Fast releases demand binary updates.. (Was: Release schedule
for 2006 )
doconnor at gsoft.com.au
Wed Dec 21 04:36:52 PST 2005
On Wed, 21 Dec 2005 20:39, Brian Candler wrote:
> I recently tried to upgrade Mozilla from 1.0.7 to the current ports version
> (1.5.something) on a FreeBSD 5.4 box. This fell over in all sorts of ways,
> and I ended up having to portupgrade almost everything. That then broke me
> in all sorts of other ways, like finding that 'unison' was upgraded and its
> protocol was no longer compatible with 'unison' on other systems, so they
> needed upgrading too. Plus I had to remember to abort the upgrade before it
> started rebuilding openoffice, to avoid my system becoming polluted with
> I have no problem with libraries called libgtk.so.400 or whatever, but the
> whole point of this scheme is that it should be possible to have multiple
> versions installed at the same time.
In an ideal world this would all Just Work (tm).
Unfortunately, developers don't have infinite resources so you experience
problems like you are seeing.
It doesn't help that there is almost no binary compatibility between various
releases of libraries (GNOME is really good for doing this in my experience).
> So, if the new Mozilla port really requires the newest version of gtk, then
> it should simply go build that version of gtk and install it alongside my
> existing version, so all the ports linked against the older versions
> continue to work. Setting FORCE_PKG_REGISTER might do this, but if that
> works so well, why is it not the default? And then there are various flags
> to portupgrade / pkg_install which explicitly tell them to leave stale
> versions of shared libraries around, 'just in case' they are needed.
I think the reason it isn't the default is because it pollutes your disk with
multiple copies of things that may not be necessary. In a lot of cases it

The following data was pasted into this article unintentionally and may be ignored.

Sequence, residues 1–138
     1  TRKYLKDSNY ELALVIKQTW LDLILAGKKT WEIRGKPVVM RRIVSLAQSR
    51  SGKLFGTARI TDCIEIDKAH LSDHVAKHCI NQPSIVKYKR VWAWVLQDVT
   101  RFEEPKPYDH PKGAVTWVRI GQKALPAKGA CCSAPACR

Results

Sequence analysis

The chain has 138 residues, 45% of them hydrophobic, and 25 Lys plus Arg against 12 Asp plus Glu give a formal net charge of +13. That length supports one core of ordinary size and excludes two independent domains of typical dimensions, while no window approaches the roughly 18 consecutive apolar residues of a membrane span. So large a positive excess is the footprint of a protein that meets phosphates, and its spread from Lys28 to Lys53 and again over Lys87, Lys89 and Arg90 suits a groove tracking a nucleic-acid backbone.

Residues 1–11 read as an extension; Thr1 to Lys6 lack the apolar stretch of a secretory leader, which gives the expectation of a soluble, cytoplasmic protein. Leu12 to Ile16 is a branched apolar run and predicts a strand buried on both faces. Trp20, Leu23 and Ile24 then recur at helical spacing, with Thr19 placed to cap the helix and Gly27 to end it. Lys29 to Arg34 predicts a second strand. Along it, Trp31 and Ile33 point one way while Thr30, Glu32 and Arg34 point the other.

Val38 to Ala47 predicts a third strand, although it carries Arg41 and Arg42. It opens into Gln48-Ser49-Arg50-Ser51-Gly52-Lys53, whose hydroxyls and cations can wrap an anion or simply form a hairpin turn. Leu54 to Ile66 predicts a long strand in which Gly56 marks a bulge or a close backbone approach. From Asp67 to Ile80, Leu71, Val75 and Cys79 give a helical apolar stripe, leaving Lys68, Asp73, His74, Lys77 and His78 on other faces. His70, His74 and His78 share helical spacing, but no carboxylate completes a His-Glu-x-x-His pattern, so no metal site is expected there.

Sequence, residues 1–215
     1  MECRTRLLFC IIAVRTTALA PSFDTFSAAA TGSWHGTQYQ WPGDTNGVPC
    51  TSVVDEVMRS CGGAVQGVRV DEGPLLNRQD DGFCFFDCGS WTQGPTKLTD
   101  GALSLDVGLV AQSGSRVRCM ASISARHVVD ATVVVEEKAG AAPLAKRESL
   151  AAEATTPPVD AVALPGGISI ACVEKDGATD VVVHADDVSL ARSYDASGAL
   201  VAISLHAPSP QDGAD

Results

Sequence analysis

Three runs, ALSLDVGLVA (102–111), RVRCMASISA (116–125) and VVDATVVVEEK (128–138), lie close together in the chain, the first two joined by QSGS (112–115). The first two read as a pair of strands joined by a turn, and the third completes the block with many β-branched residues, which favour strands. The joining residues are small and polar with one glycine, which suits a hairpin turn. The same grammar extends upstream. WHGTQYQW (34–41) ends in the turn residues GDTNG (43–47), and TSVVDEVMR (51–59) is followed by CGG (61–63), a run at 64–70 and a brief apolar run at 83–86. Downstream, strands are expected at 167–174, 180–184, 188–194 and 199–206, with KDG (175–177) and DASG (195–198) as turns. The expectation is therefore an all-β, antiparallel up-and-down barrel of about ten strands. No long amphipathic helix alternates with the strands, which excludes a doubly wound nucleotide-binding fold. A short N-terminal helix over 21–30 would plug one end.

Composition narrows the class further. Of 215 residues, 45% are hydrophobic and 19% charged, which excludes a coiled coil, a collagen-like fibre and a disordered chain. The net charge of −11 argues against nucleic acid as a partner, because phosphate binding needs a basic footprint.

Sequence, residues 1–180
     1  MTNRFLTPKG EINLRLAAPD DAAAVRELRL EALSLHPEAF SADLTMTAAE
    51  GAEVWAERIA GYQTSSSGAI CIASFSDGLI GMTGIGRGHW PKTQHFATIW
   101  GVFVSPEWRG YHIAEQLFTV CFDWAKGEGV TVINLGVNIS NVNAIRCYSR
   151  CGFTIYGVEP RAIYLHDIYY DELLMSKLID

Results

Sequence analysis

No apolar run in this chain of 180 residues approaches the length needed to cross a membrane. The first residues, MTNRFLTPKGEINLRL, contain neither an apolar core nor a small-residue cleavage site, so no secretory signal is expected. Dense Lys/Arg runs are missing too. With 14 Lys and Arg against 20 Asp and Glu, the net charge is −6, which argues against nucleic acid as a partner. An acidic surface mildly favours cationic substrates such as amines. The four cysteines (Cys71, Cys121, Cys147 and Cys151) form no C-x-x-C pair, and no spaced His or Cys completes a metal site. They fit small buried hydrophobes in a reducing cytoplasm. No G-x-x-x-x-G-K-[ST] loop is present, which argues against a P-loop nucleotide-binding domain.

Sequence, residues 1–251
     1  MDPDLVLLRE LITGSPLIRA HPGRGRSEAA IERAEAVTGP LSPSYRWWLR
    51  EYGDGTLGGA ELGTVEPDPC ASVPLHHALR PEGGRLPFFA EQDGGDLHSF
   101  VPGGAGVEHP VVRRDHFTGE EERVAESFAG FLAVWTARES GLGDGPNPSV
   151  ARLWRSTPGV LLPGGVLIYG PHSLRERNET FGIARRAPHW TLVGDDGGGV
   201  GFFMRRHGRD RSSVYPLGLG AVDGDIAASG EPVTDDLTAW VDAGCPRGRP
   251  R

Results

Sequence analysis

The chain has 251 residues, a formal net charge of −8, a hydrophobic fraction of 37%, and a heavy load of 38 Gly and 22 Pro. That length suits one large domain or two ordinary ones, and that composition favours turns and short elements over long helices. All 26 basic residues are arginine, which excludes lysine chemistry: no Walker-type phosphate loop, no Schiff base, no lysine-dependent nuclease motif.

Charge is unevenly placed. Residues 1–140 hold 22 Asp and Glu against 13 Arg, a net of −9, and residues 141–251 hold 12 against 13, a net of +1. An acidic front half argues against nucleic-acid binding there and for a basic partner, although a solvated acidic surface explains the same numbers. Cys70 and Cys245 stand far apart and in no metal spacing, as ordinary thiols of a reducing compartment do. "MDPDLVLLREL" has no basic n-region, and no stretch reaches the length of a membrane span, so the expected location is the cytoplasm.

will cause weird errors (eg one binary ends up with more than one version of
a library linked to it at run time because its dependents weren't all
> I think Dragonfly have some good ideas, like using the filesystem to build
> a virtual library environment on the fly. That is, when an application runs
> it sees a /lib directory populated with only the libraries it needs, and
> the exact versions of them. Extending this so that it is possible to have
> multiple versions of the same application (/usr/bin/foo) installed, for
> instant upgrade and rollback, would be even better. (I know there are
> existing solutions which install lots of symlinks, and some ideas can
> probably be taken from those too)
I don't see how this can fix the problem where you have a program that depends
on 2 libraries and each of those depend another library. If they are linked
to 2 different versions of that 3rd library you can get very odd behaviour.
This *is* an annoying problem, but the solutions are far from simple..
(Lots more man power would help)
Daniel O'Connor software and network engineer
for Genesis Software - http://www.gsoft.com.au
"The nice thing about standards is that there
are so many of them to choose from."
-- Andrew Tanenbaum
GPG Fingerprint - 5596 B766 97C0 0E94 4347 295E E593 DC20 7B3F CE8C
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